Small mammals distribution and diversity in a plague endemic area in West Usambara Mountains, Tanzania

  • Njaka A. Ralaizafisoloarivony Department of Agricultural Engineering and Land Planning, Sokoine University of Agriculture, P.O. Box 3003, Morogoro
  • Didas N. Kimaro Sokoine University of Agriculture Department of Agricultural Engineering & Land Planning
  • Nganga I. Kihupi Department of Agricultural Engineering and Land Planning, Sokoine University of Agriculture, P.O. Box 3003, Morogoro
  • Loth S. Mulungu Pest Management Centre, Sokoine University of Agriculture, P. O. Box 3110, Morogoro
  • Herwig Leirs University of Antwerp, Evolutionary Ecology Group, Groenenborgerlaan 171, B-2020 Antwerpen
  • Balthazar M. Msanya Department of Soil Science, Sokoine University of Agriculture, P.O. Box 3008, Morogoro
  • Jozef A. Deckers Department of Earth & Environmental Sciences, University of Leuven, Celestijnenlaan 200 E, B-3001 Heverlee
  • Hubert Gulinck Department of Earth & Environmental Sciences, University of Leuven, Celestijnenlaan 200 E, B-3001 Heverlee
Keywords: Plague, small mammals, species diversity, distribution, Tanzania

Abstract

Small mammals play a role in plague transmission as hosts in all plague endemic areas. Information on distribution and diversity of small mammals is therefore important for plague surveillance and control in such areas. The objective of this study was to investigate small mammals’ diversity and their distribution in plague endemic area in the West Usambara Mountains in north-eastern Tanzania. Landsat images and field surveys were used to select trapping locations in different landscapes. Three landscapes with different habitats were selected for trapping of small mammals. Three types of trap were used in order to maximise the number of species captured. In total, 188 animals and thirteen species were captured in 4,905 trap nights. Praomys delectorum and Mastomys natalensis both reported as plague hosts comprised 50% of all the animals trapped. Trap success increased with altitude. Species diversity was higher in plantation forest followed by shrub, compared to other habitats, regardless of landscape type. It would therefore seem that chances of plague transmission from small mammals to humans are much higher under shrub, natural and plantation forest habitats.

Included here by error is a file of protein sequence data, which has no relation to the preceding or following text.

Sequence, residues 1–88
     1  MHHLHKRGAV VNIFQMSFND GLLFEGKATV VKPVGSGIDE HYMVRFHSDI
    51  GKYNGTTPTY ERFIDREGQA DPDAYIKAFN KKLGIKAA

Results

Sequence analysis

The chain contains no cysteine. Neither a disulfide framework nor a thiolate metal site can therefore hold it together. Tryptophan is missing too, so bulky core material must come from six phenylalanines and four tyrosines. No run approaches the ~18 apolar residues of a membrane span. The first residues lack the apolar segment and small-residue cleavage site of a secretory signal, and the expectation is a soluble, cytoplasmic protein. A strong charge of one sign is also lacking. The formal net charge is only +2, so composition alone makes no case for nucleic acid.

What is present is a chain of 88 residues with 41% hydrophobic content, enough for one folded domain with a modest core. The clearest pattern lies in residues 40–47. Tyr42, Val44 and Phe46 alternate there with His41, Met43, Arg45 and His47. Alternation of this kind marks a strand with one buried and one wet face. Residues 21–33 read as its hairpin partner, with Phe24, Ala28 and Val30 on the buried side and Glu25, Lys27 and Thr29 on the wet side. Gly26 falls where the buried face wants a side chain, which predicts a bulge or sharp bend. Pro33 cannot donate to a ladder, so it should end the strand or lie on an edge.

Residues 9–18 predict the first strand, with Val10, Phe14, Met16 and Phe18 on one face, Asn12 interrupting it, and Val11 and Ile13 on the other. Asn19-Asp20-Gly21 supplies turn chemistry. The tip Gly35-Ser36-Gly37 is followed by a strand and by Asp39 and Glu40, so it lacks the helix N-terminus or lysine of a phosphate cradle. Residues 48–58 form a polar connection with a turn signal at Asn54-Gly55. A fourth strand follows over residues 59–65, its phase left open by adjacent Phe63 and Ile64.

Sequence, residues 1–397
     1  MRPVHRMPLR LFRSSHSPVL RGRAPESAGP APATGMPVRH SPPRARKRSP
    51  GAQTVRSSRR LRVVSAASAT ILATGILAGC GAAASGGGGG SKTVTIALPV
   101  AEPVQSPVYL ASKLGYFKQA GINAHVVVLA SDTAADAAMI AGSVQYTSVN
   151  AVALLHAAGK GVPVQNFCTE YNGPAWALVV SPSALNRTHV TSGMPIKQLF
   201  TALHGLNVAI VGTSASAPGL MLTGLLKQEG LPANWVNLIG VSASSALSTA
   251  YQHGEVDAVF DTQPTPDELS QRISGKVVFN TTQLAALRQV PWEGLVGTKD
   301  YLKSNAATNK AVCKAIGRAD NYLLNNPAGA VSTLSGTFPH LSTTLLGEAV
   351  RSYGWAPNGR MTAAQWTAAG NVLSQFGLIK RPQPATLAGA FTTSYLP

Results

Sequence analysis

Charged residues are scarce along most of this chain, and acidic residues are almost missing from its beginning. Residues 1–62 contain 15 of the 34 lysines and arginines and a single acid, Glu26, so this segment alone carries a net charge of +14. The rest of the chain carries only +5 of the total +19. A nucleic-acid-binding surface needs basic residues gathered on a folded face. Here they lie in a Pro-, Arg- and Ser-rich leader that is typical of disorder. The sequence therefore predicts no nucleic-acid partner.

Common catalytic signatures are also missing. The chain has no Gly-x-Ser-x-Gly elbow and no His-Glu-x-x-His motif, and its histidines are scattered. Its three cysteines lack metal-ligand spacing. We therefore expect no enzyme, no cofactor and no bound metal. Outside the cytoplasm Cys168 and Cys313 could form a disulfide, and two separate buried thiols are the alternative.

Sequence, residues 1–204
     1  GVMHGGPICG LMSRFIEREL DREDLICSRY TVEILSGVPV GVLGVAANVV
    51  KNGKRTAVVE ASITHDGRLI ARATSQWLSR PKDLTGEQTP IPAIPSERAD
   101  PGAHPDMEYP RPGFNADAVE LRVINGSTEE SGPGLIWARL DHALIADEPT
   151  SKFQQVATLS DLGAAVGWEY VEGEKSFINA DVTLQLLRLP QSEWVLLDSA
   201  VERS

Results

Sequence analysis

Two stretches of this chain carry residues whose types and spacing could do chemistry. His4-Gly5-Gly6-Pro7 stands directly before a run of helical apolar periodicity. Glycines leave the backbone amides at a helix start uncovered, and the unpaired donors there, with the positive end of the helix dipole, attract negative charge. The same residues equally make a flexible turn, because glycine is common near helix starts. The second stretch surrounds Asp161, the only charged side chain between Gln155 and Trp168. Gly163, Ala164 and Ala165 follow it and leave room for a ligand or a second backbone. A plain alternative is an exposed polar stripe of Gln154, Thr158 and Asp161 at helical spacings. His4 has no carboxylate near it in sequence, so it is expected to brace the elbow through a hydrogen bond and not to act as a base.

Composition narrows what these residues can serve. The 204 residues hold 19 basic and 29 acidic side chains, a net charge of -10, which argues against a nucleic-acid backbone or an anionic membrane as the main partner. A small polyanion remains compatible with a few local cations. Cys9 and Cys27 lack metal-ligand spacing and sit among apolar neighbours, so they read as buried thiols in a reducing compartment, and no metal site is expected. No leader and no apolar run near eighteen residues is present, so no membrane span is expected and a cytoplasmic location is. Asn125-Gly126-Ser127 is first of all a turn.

Author Biography

Didas N. Kimaro, Sokoine University of Agriculture Department of Agricultural Engineering & Land Planning
Associate Professor, Department of Agricultural Engineering and Land Planning Land use and water resources planning and management
Published
2014-06-28
How to Cite
RalaizafisoloarivonyN. A., KimaroD. N., KihupiN. I., MulunguL. S., LeirsH., MsanyaB. M., DeckersJ. A., & GulinckH. (2014). Small mammals distribution and diversity in a plague endemic area in West Usambara Mountains, Tanzania. Tanzania Journal of Health Research, 16(3). https://doi.org/10.4314/thrb.v16i3.4
Section
Articles

Journal Identifiers


eISSN: 1821-9241
print ISSN: 1821-6404